Decline has been a long time coming

Myles Spicer targeted a longtime source of my own professional sadness in "The strategies that lite the way for TV news" (Oct. 3). I learned in the early 1960s that network leaders were already quite aware of the impending decline in quality, although Walter Cronkite and a few others were working hard to preserve the industry's integrity, and some still are.

I was then a broadcast journalist in Omaha and won a CBS Foundation Fellowship to Columbia University in 1963-64. Early in '64, our group of eight fellows (which included Bill Plante, still active as the senior CBS White House correspondent) met with Fred Friendly, then president of CBS News. Mr. Friendly expressed deep concern that the direction of television news, under advertiser pressure, was shifting gradually away from journalism and toward entertainment.

The consequence is what Spicer described and more: Dominant news foci, especially in local media, are on stories featuring sex and violence. About the only places in the networks to find serious attention to balance, inquiry and respect for the news audience are at PBS and BBC.


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Those who don't like the quality of TV news should keep in mind that in this country, most children are taught what to think, not how to think. The facts-only delivery of "old school" professionals such as Cronkite or Edward R. Murrow couldn't hold the attention of today's audience. Without being taught the necessary analytical thinking skills to correctly assess information, many people today can only understand irrelevant chitchat and must rely on the commentary of others to do their thinking for them. Unfortunately, this leaves them open to manipulation, and watching TV news today is a bit like watching a good border collie work a flock of sheep: scare them here, and they run there; scare them there, and they run here.

Those fortunate enough to have been taught good thinking skills must search for news sources that offer depth and relevance so we can do our own thinking. And, we can only hope that the rational blindness of the herded won't someday stampede us all over a cliff.

GRETCHEN DEAN, Bloomington


Considered worse because they are

An opinion from Slate reprinted in the Star Tribune on Oct. 4 ("If civilians die in war, does it matter how?") proposes that the real reason governments are so opposed to chemical weapons is that the weapons' uncontrollable nature is a threat to policymakers themselves. Maybe a greater and simpler concern is the torturous nature of the weapons. My understanding is that they consistently cause a slow, excruciating death. Most other weapons, as horrible as they also are for both combatants and civilians, more often cause instant death. Certainly, differentiating this way about what form of violent death against civilians is more acceptable is repulsive, but it is reality.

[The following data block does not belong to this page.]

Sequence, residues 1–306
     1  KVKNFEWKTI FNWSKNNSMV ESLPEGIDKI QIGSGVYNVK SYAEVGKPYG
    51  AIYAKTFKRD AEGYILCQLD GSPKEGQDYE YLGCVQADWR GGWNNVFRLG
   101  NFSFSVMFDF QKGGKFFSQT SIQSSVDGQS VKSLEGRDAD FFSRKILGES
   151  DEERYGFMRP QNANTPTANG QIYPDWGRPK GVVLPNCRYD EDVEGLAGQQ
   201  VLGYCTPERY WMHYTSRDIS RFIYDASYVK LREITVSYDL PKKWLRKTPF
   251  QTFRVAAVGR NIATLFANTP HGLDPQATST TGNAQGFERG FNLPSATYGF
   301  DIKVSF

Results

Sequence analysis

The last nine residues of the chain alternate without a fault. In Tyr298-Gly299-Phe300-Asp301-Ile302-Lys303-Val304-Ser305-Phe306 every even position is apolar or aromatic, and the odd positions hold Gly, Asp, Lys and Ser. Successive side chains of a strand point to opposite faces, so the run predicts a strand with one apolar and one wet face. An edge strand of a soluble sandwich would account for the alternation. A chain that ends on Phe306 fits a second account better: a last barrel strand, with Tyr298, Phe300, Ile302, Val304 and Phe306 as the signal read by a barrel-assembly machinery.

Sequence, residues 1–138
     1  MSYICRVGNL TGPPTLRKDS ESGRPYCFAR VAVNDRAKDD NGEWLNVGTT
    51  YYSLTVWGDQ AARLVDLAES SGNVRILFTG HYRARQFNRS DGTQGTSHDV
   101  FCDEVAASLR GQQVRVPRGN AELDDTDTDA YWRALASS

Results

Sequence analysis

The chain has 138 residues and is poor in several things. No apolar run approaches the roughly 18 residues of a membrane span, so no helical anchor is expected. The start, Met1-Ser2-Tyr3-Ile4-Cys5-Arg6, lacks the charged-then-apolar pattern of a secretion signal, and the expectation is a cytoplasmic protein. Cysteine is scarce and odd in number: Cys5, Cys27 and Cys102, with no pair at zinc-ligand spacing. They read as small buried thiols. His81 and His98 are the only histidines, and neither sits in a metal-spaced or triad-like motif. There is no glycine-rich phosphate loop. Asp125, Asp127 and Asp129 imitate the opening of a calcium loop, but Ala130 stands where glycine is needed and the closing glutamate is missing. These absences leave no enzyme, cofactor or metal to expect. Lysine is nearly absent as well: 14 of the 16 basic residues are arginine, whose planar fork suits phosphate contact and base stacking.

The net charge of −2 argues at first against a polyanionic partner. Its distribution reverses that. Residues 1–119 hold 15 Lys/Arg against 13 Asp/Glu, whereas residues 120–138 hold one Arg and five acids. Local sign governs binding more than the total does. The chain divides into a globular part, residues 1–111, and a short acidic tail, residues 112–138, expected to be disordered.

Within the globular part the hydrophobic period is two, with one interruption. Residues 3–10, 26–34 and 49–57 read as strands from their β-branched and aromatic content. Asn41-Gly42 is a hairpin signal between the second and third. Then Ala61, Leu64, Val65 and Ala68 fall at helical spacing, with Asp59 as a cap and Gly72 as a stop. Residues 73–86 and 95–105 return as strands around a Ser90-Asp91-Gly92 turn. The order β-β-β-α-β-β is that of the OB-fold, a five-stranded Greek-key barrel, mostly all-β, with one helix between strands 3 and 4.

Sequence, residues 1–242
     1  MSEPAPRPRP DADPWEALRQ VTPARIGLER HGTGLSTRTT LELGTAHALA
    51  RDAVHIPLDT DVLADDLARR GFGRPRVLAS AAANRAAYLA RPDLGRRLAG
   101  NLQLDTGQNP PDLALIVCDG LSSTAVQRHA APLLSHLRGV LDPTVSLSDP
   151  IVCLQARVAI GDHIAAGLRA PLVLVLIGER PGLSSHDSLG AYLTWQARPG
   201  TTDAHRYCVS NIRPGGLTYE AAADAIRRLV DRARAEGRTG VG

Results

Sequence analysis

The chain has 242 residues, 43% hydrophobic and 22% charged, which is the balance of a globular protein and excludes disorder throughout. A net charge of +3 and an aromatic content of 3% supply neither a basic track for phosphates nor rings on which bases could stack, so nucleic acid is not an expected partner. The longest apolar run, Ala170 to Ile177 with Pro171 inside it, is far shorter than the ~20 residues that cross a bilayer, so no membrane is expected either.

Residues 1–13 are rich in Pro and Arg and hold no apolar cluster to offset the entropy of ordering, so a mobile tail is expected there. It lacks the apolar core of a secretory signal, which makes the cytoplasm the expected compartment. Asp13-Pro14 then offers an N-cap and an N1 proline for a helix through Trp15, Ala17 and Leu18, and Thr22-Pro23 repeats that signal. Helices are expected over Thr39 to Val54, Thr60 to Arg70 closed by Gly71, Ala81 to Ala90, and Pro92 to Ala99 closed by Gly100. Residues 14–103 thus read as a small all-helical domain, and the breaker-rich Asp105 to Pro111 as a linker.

JIM BARTOS, Brooklyn Park


Benefits of RCV are already showing

I am a longtime Twin Cities resident currently living on the East Coast, and have been following the Star Tribune's online coverage of the Minneapolis mayoral race. It appears that this year's mayoral campaign has a more civil tone than any other election I've followed. This change of tone, which is so badly needed in our political discourse, seems to be a result of the city's newly implemented ranked-choice voting system. With runoff voting, candidates cannot afford to take an uncivil tone and alienate voters the way they can under traditional voting systems.



Will redesign get tangled in utilities?

The competition to draft a new vision for Nicollet Mall has been a process that deserves applause. The engagement almost assures creative and exciting design for our cornerstone avenue.

Twenty design teams submitted proposals, and three emerged as finalists. The winning design team for the $30-million-to-$40-million project was selected by a committee that included professors in architecture, city officials and business leaders. The winner was James Corner Field Operations, the firm that designed the High Line public park in Manhattan, Navy Pier in Chicago and Seattle's Central Waterfront, a $300 million project. The team will include seven additional design firms, four of them local.

I am unsure whether Corner Field has reviewed engineering reports detailing the dense web of utility lines underlying Nicollet, a spaghetti mass allowing little room for tree roots and tree survival. Regardless, for Twin Cities homebodies and for visitors from afar, the reshaping of the mall will ensure a charming, attractive centerpiece of highest-quality design.